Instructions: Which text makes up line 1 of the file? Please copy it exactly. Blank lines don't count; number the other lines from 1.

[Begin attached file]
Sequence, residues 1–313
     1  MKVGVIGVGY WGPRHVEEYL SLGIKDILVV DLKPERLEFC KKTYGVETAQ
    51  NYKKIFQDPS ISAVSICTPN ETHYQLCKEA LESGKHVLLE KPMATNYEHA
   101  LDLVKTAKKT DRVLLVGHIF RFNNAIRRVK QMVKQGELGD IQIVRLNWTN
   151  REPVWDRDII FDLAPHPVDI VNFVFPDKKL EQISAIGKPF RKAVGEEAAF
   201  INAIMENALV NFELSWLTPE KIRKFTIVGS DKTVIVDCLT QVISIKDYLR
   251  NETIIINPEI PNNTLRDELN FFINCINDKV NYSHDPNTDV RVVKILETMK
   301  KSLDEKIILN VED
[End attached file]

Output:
Sequence, residues 1–313